"All photos on my Web site are my own..... However, once photos are published on the Internet they are public domain and can be used by anyone at any time.
Alex B. Hamilton
My photos and info published here on the blog years ago. It is not public domain.
"One sure way of knowing if your USFA receiver is a Uberti or a “made in USA” USFA is to look at the pivoting area of the loading gate when the loading gate is open. The Uberti frame loading gate has a gap at the three o’clock position and the USFA loading gate pivot area completely fills the area without a gap."
The info you see here on the blog, could be organized better. But the basic info of what USPFA or USAF gun will be all Italian parts , a combination of USA and Italian parts or just all USA parts should be here and easy enough to find if you take a few minutes to look around. I have looked at and examined in person and well over 1000 USFA guns by now. And been lucky enough to have recorded the serial numbers and seen detailed photos of many, many more.
A pair of my early USFA guns, with carved ivory, that were mostly part Italian parts guns. (although I didn't know it at the time) Beautiful guns but nothing like USFA would produce later in their history.
My first USFA guns were purchased in 1999. My first USFA, USA made guns in 2008. I started gathering this info in 2009. Turned out as USFA was closing its doors in 2011 I suddenly had a lot of free time on y hands and started seriously collecting what I could on USFA info and guns. Later with the help of the CAS forum's membership and my own gun purchases I was able to put a extensive serial number catalog together. Much of what I found useful for my own USFA collecting during those years is documented here.
I didn't publish the info I had collected until 2013, which was after I had bought the majority of my own USFA collection, for obvious reasons. Prices were already going out of sight for my meager pocket book. And they continue to climb skyward to date. I finally made some of the info public by 2013 here on the blog and have updated that first info a number of times to what you see now in the 2015 post. I've also added other info as I found a sub topic interesting within the USFA and previous USPFA gun when I thought it might be useful to others shooters and collectors. Early on, after the end of production @ USFA I saw a lot of guns being sold for high prices that really couldn't be justified by the best of the USFA production quality. I had hoped that a little knowledge would save others some of the heart break I experienced buying guns that I shouldn't have.
As prices continue to climb on the secondary market here are a few things I have not found Italian guns to be at the level of a all USFA made gun. Please! Buyer beware there. The serial numbers pretty much tell that story if you bother to look and have the info. available. But there are other subtle details as noted within the text. If you have a question I am happy to attempt an informed answer.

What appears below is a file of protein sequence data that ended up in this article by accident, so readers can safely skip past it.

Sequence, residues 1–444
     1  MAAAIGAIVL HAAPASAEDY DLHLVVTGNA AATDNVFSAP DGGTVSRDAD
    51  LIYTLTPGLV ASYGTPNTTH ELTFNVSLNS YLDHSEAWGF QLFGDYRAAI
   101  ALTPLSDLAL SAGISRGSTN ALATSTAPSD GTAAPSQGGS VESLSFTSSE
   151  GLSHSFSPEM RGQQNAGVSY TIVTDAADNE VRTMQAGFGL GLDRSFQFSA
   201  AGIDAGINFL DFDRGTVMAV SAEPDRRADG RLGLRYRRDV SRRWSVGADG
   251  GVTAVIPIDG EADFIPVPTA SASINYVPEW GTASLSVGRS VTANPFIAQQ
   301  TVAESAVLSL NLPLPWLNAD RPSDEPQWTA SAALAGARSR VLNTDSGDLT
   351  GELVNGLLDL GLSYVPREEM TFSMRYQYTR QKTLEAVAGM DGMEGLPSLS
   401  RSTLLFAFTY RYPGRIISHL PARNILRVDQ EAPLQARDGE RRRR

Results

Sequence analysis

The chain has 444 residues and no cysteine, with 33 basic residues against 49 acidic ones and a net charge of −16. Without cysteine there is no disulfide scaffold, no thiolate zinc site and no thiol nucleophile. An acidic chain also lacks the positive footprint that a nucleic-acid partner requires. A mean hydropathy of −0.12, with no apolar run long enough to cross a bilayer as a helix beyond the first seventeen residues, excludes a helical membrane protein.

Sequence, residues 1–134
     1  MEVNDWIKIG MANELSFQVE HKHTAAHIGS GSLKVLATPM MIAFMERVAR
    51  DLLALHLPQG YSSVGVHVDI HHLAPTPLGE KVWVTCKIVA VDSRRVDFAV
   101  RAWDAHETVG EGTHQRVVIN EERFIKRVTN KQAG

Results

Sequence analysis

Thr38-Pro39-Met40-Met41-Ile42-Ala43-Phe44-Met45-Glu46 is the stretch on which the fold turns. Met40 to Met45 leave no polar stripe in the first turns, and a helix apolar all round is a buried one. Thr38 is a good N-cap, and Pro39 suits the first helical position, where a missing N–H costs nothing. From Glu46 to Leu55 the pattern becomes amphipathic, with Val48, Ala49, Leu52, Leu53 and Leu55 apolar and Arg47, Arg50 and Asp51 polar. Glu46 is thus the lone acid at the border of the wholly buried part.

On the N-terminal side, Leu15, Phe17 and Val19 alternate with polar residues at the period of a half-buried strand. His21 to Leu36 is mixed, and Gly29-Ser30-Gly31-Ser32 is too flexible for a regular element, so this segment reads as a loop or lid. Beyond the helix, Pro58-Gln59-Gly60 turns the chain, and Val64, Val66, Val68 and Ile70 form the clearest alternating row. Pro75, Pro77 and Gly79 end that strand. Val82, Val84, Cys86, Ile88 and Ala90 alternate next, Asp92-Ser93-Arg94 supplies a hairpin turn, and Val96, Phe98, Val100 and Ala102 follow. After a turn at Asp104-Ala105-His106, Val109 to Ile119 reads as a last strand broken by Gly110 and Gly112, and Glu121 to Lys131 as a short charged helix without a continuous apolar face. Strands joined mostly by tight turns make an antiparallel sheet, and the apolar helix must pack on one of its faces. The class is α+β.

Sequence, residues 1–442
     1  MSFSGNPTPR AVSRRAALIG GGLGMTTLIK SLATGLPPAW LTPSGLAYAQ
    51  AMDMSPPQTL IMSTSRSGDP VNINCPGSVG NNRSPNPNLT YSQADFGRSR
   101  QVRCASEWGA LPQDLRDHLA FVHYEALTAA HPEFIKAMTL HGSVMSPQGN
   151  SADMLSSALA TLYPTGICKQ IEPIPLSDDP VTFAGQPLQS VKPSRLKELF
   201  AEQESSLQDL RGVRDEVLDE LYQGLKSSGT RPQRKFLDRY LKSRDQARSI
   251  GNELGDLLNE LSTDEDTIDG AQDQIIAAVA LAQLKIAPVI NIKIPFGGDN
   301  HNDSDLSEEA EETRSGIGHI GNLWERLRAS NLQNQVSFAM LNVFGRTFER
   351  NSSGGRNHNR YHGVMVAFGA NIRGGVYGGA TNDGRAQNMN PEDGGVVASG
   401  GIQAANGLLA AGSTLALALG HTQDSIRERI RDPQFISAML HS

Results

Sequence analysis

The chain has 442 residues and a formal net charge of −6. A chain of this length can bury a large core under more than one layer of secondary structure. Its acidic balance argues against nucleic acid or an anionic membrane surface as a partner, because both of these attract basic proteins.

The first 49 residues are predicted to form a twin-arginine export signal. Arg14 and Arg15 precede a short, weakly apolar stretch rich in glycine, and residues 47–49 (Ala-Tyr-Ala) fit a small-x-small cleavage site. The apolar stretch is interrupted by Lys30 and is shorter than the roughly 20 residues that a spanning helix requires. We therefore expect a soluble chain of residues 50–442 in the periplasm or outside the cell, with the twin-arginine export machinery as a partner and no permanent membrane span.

USFA likely did almost as many "one off" guns as they seemingly did production guns. Not really but there are so many variations it might really pay to look closer and again..when you think you have something with the USFA logo. I have learned to never, say never. And that if anyone actually knows all the details or was at USFA and USPFA prior for the duration they aren't talking, let alone writing it down for public consumption.
(10/28/19) Much to their chagrin it seems Standard has taken on the mantel, CNC machines, skilled personal and CNC progams. I have one of the Standard guns in 45. It is a nice gun no doubt. But without question in my mind it is not, in my opinion, on the level of the best that USFA produced. Details are missing.
I think the easy comparison would be 1st, 2nd and 3rd gen Colts. Reverse the idea and you have some thing similar in current Uberti, Standard and USFA guns. Not a perfect comparison but you can get the idea if you are a collector or just a shooter of any of these guns. Make sure you are getting what you think you are paying for.
Current Ubertis (from Cimarron) in 44 Special and 32-20. (Spring 2019 production) Guns that are hard not to like. And frankly after rebuilding many Colts of all generations and a good many USFA guns I can say the Ubertis are typically better timed (and easier to fix if they aren't) and shoot to point of aim where a Colt seldom does either very well. You want a gun to shoot? Buy a Uberti or the Pietta. The Pietta is more keeping with a traditional Colt for parts and size. Colt comparison? Uberti, USFA and Standard are not a traditional Colt for parts or size of the guns. Parts are for the most part interchangeable (might not be perfect but you can get a working firearm again) between the last three mentioned.
I know this..…. having done just that on the guns.
Three Uberti 44 Specials.
One of my favorite USFA guns which started life as a USFA made Rodeo. Matte blue Rodeos are the perfect basis for a engraving project. I've only owned own USFA USA made gun that didn't shoot POA/POI. They are generally exceptional shooters. I have one I call the "Cutter" for its ability to cut playing cards at any distance I can see the edge of a playing card.
A classic pair of special order, USA made Rodeo II guns, NIB, with Nutmeg ivory
And a pair of classic Colts being used as intended :)
I hope the info offered here helps the next guy! Keep it on target and your powder dry :)